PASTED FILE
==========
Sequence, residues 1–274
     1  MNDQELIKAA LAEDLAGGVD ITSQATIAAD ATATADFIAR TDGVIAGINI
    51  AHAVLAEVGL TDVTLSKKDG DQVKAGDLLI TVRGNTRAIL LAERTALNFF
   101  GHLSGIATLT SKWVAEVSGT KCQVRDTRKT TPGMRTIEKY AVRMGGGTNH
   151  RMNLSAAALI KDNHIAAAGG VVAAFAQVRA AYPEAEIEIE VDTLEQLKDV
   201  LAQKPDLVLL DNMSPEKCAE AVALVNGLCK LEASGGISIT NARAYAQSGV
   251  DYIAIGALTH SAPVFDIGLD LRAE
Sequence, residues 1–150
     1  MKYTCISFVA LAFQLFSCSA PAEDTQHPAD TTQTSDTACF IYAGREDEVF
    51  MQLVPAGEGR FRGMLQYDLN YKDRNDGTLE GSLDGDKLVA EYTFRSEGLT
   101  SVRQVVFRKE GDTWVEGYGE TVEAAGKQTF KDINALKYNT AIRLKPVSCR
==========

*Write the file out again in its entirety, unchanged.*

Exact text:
Sequence, residues 1–274
     1  MNDQELIKAA LAEDLAGGVD ITSQATIAAD ATATADFIAR TDGVIAGINI
    51  AHAVLAEVGL TDVTLSKKDG DQVKAGDLLI TVRGNTRAIL LAERTALNFF
   101  GHLSGIATLT SKWVAEVSGT KCQVRDTRKT TPGMRTIEKY AVRMGGGTNH
   151  RMNLSAAALI KDNHIAAAGG VVAAFAQVRA AYPEAEIEIE VDTLEQLKDV
   201  LAQKPDLVLL DNMSPEKCAE AVALVNGLCK LEASGGISIT NARAYAQSGV
   251  DYIAIGALTH SAPVFDIGLD LRAE
Sequence, residues 1–150
     1  MKYTCISFVA LAFQLFSCSA PAEDTQHPAD TTQTSDTACF IYAGREDEVF
    51  MQLVPAGEGR FRGMLQYDLN YKDRNDGTLE GSLDGDKLVA EYTFRSEGLT
   101  SVRQVVFRKE GDTWVEGYGE TVEAAGKQTF KDINALKYNT AIRLKPVSCR